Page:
You may have heard the term ‘mortgage stress’ but do you actually understand its meaning? What does it mean for you and why are so many people suddenly deemed to be in mortgage stress?
We break down what mortgage stress is, how it might affect you and how to avoid it.
What is mortgage stress?
Mortgage stress occurs when your home loan repayments are essentially more than you can afford.
If your mortgage is causing you to have trouble affording your living expenses and bills, putting food on the table, then I’d say you’re in mortgage stress,” Finance expert and author of Wonder Woman’s Guide to Money Natasha Janssen said.
While some institutions say mortgage stress is when loan repayments make up more than 30% of your income, Natasha believes this is probably outdated, depending on your circumstances.
“I think that when interest rates are at historical lows and 30% of your income is going towards the minimum mortgage repayments, you are going to be in trouble when rates start to go up,” she warned.
How does mortgage stress occur?
It can occur for a range of reasons relating to your financial situation, including both personal reasons (losing a job or being unable to work) and due to wider market trends.
“At the moment we’re seeing a rise in what we call mortgage prisoners. These are people who went with what the bank was willing to lend them a few years ago and now the banks have tightened their lending criteria, leaving them in a situation where they can’t afford to refinance to get a lower interest rate, which would ease their cash flow and put them in a better position,” Natasha explained.
Is it common?
Increasingly common, apparently.
Economist Saul Eslake told 7.30 that mortgage stress is higher now than at any point in the previous decade.
What’s more, in December last year, the ABC reported that 60,000 households are at risk of defaulting on their home loans within 12 months.
What is there to worry about?
Mortgage stress is, well, stressful. Not only that but you could wind up struggling to pay your bills or do the groceries.
Regarding the housing market at the moment, Natasha also says people in mortgage stress risk losing their home and still being in debt to their lender.
“If a person is at risk of defaulting and potentially losing their home, we’re now in a market where, in a lot of the cities, property values are going backwards. So, if those same people don’t have much in the way of equity, it means that once the home is sold or repossessed, it’s possible the sale amount won’t be enough to clear the debt they owe.”
How to avoid mortgage stress
“The first guideline is to not make your [mortgage] decision based off what the bank is willing to lend you, but to actually have a look at your personal situation, your cash flow and your goals,” Natasha said.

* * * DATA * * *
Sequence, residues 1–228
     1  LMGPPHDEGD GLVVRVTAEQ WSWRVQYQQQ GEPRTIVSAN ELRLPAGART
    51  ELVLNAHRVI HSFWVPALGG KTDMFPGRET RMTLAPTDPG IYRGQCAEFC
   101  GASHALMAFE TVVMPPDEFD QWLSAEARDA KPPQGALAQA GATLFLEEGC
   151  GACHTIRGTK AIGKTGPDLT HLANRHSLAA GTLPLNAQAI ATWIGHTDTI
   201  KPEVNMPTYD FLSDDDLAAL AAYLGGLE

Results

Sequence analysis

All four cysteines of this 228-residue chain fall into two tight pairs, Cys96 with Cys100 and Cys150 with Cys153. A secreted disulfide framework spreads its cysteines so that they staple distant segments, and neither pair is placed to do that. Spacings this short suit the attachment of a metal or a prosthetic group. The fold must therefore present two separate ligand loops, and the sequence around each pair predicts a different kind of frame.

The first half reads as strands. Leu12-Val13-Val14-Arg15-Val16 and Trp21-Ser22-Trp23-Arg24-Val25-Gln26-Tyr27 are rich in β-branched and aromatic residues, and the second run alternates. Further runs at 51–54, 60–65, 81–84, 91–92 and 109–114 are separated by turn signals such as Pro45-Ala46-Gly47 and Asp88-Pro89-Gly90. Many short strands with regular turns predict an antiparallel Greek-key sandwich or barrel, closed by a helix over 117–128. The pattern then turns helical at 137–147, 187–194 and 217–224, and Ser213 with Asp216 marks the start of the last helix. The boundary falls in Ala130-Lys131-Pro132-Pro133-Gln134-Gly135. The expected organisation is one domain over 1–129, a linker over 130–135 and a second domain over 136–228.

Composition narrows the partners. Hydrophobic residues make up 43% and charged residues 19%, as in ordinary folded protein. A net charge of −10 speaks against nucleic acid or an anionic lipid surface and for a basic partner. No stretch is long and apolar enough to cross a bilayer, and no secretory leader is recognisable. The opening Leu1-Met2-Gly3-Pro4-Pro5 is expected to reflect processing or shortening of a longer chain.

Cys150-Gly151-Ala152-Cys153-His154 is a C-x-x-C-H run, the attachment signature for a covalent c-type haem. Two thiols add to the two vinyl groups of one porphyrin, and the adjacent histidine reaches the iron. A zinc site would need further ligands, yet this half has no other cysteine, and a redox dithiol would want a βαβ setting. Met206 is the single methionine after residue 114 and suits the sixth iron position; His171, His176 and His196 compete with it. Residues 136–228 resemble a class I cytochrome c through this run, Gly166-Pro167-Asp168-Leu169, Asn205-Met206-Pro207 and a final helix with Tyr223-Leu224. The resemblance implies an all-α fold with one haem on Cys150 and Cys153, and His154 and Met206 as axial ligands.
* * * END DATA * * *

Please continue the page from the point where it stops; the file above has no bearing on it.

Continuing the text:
“So, how soon do you want to be debt free, do you want to be able to afford to travel, what other goals do you have and how much of a mortgage can you take on and still afford to achieve those goals.”
Natasha also said when using online calculators to estimate your borrowing amount, always inflate the interest rate.
“Lenders will stress test your mortgage repayment and use a rate between seven and 7.5%. So, if you use a borrow capacity calculator and plug in 4% as the interest rate you’re going to get a different answer. Also, you want to factor in a buffer so there’s room there when rates rise,” she explained.
What can you do if you’re in mortgage stress?
Short of getting a big raise (we wish!), you may need to seek some help with your finances sooner rather than later.
According to ASIC’s MoneySmart, you have options if you’re missing repayments. To start, chat to your lender to work out a payment plan or other short-term solution. For example, you may be eligible for a ‘hardship variation’ that can reduce or defer your payments for a few months.
Natasha agrees that you should call up your lender ASAP to both help ease your stress and, more vitally, protect your credit score.
“If you keep going and start defaulting on your mortgage, that’s going to appear on your credit report. Whereas if you act up front and come to a payment arrangement with the bank, they’re less likely to report the defaults on your report,” Natasha confirmed.
“Every bank has a department that’s there to help you out if you’re suffering financial stress, don’t be afraid to make use of that service.”
The second step is to try and cut back spending and Natasha believes the quickest way to do so is to review your utilities, insurance and other providers and seek a better deal.
You might also want to consider seeing a financial counsellor or seeking legal aid.
Words by Rebecca Mitchell.